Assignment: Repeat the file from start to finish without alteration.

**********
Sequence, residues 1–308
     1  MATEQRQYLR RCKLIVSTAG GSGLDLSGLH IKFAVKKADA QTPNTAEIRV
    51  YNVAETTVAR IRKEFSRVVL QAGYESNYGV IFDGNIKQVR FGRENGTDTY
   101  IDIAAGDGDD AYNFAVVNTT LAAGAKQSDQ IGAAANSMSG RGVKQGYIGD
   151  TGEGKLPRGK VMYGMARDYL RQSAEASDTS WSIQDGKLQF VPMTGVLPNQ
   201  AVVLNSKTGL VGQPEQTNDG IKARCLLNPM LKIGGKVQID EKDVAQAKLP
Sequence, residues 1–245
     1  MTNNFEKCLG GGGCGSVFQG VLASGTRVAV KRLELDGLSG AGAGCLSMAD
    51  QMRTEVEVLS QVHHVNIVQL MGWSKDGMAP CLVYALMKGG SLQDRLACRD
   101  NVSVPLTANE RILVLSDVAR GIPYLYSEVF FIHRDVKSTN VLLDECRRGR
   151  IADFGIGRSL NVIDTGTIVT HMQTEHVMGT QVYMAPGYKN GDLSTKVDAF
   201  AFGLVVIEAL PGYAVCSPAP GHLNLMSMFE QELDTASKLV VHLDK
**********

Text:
Sequence, residues 1–308
     1  MATEQRQYLR RCKLIVSTAG GSGLDLSGLH IKFAVKKADA QTPNTAEIRV
    51  YNVAETTVAR IRKEFSRVVL QAGYESNYGV IFDGNIKQVR FGRENGTDTY
   101  IDIAAGDGDD AYNFAVVNTT LAAGAKQSDQ IGAAANSMSG RGVKQGYIGD
   151  TGEGKLPRGK VMYGMARDYL RQSAEASDTS WSIQDGKLQF VPMTGVLPNQ
   201  AVVLNSKTGL VGQPEQTNDG IKARCLLNPM LKIGGKVQID EKDVAQAKLP
Sequence, residues 1–245
     1  MTNNFEKCLG GGGCGSVFQG VLASGTRVAV KRLELDGLSG AGAGCLSMAD
    51  QMRTEVEVLS QVHHVNIVQL MGWSKDGMAP CLVYALMKGG SLQDRLACRD
   101  NVSVPLTANE RILVLSDVAR GIPYLYSEVF FIHRDVKSTN VLLDECRRGR
   151  IADFGIGRSL NVIDTGTIVT HMQTEHVMGT QVYMAPGYKN GDLSTKVDAF
   201  AFGLVVIEAL PGYAVCSPAP GHLNLMSMFE QELDTASKLV VHLDK